WSO2 Complex Event Processor is succeeded by WSO2 Stream Processor. This documentation is for WSO2 Complex Event Processor 4.1.0. View documentation for the latest release.
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This section explains how you can debug WSO2 CEP.

Troubleshooting and debugging guide

WSO2 CEP provides several options to understand the data flow and debug during issues.

If the system is not behaving as you expected then follow the below steps to find the route course of the issue.

Step 1: Assess the Event Flow

This will help you to visually see how the event flows through the system.

You might find some links been broken on the event flow and hence the system will not behave as expected. This should be fixed by inspecting inactive artifacts, if there are any, or by creating appropriate artifacts in order to construct the proper flow.

  • Artifacts may have become inactive if there are errors during deployment of execution plans, event receivers or publishers.
  • Execution plans can also become inactive when one of their connected event stream’s format is changed.

event_flow.png

Step 2: Inspecting statistics

Inspecting events statistics will allow us to find the number of events processed via each of the event flow artifacts. Through this we can find whether the artifact is receiving and outputting events, this can give us hints like whether the artifact is dropping all events or no events have arrived to this artifact for processing.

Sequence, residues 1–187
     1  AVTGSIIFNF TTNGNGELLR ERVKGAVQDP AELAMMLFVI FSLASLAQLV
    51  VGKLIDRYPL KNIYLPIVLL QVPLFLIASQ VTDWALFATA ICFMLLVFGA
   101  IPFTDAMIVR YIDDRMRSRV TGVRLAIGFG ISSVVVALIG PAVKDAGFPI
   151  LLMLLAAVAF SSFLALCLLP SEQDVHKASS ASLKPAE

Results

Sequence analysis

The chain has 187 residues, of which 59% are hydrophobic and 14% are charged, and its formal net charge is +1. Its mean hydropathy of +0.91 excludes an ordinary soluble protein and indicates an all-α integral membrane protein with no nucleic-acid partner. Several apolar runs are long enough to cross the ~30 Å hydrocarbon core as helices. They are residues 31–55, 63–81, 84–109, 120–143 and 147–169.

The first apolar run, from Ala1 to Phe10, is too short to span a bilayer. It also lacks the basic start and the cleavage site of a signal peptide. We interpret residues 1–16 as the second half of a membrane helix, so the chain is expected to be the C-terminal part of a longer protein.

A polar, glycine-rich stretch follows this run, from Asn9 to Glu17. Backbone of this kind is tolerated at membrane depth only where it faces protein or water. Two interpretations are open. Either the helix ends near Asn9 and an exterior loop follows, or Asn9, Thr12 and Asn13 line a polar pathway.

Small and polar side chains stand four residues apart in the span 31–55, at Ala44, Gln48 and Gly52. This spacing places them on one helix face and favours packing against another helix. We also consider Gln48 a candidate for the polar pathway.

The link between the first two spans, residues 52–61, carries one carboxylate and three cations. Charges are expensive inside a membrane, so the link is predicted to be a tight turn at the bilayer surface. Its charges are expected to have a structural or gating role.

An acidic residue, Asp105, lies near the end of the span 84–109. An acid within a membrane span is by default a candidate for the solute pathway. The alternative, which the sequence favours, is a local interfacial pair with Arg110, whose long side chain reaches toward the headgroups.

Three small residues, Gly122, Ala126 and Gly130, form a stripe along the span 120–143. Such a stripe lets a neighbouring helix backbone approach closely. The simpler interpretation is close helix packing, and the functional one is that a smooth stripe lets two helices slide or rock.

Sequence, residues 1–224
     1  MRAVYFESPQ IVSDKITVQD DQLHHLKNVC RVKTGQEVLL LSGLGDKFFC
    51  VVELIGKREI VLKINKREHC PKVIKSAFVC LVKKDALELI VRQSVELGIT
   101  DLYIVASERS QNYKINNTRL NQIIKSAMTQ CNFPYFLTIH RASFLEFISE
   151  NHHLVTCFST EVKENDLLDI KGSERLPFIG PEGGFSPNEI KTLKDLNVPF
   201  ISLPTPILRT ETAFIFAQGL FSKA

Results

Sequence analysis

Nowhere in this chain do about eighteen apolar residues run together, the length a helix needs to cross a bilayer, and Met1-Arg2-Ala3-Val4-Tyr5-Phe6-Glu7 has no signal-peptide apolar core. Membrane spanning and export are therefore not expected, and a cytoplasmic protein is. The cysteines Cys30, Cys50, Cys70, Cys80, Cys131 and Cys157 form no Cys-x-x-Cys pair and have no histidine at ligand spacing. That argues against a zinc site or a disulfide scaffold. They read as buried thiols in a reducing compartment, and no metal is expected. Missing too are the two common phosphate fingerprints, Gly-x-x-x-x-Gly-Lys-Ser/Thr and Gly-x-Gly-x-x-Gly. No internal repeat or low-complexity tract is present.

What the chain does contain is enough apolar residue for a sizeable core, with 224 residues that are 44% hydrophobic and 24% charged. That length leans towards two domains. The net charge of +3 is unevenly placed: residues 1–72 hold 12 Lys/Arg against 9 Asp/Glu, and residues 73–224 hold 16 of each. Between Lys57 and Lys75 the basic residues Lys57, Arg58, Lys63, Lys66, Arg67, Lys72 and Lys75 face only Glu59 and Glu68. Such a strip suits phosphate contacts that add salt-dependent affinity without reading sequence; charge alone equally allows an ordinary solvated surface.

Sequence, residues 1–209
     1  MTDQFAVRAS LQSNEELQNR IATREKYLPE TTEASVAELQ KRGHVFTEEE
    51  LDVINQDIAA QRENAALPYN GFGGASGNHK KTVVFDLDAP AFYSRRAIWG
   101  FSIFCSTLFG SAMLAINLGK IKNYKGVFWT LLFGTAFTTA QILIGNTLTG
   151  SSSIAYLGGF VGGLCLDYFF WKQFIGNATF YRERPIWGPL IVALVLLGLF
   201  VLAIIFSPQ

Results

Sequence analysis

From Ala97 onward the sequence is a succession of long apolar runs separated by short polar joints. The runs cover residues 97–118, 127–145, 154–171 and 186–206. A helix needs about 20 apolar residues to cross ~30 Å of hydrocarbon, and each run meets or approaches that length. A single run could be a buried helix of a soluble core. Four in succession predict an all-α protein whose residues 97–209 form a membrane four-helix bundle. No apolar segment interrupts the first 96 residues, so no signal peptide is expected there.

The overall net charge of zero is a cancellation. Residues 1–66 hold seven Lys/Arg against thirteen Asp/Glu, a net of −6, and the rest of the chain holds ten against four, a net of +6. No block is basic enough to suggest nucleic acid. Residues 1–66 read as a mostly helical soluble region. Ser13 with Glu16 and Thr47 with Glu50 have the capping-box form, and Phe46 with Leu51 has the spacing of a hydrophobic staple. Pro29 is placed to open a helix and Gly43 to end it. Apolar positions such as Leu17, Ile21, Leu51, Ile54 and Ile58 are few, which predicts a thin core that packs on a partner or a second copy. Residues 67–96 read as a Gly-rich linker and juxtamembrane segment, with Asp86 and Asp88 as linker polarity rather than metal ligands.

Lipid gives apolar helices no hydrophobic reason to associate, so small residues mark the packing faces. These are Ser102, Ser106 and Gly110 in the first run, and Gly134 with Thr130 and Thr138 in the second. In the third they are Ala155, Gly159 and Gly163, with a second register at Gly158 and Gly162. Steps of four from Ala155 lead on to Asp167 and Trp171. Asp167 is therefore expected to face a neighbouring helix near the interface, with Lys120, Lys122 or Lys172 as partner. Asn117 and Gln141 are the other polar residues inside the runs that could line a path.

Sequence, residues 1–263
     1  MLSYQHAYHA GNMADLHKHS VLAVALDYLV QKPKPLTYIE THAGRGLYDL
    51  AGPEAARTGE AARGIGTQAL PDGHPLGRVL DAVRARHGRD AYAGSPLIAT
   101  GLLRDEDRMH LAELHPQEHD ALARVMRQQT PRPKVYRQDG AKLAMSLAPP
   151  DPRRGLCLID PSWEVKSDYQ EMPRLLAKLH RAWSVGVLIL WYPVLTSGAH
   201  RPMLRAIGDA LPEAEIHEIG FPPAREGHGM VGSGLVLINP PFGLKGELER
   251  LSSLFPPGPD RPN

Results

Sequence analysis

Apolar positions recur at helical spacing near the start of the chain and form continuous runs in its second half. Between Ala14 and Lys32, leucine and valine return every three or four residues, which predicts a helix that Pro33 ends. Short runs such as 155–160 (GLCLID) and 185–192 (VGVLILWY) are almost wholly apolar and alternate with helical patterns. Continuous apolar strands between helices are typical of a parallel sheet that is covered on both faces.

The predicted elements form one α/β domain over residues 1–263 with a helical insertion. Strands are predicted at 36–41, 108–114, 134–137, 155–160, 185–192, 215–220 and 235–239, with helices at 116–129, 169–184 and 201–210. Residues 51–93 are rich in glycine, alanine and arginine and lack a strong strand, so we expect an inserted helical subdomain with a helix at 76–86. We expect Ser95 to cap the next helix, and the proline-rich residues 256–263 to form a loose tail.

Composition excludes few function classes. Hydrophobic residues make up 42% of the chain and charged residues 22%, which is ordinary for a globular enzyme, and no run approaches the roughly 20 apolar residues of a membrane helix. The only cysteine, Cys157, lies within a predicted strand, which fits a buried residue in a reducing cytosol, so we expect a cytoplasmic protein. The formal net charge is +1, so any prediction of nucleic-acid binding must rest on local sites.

• If events are dropped at the artifact then we have to inspect the artifact in detail (Step 3)

  • If the events have not even arrived at the artifact then we can use the event flow to identify the artifacts that feed events to the current artifact (Step 1) and then inspect the statistics of those artifacts (Step 2) till we find the artifact causing the root cause. 

Step 3: Investigating Artifacts

After identifying an artifact for investigation there are several options that you can try depending on the artifacts type you are investigating.

Investigating Event Receiver

  • When we find events are not arrived at the receiver then 
    • We have to investigate the client system to check whether it's sending to the correct endpoint or
    • If the receivers are polling an endpoint check whether it’s configured correctly.
  • If events arrive to the event receiver but no events are outputted by it
    • Then check the carbon logs or console for possible errors, else
    • Check event mapping configuration of the event receiver. 
  • If events are outputted by event receiver but the data is not in the expected format then
    • Enable event tracing to the event receiver and send some sample events to it.
    This will help you to find the incoming and outgoing messages of the event receiver. This will be very much helpful to reconfigure your event receiver to output the expected format or fix your client to send proper input.

After enabling event tracing, you can go to the monitoring section and see how messages have been received and outputted.

tracing.png

Investigating Event Publisher

  • When we find events are not arrived at the publisher then we have to follow Step 1 to identity why no events are pushed to publishers.

  • If events arrive to the event publisher but no events are outputted by it, then

    • Check the carbon logs or console for possible errors and

    • Use the event simulator feature to simulate some sample events to see how it behaves for different events.

  • If events are outputted by event publisher but the data is not in the expected format, then

    • Enable event tracing on the event publisher and

    • Send some sample events to it using the event simulator feature

This will help you to find how the incoming message is formatted and sent out. This will be very helpful to reconfigure your event publisher to output the message in the expected format or the proper endpoint.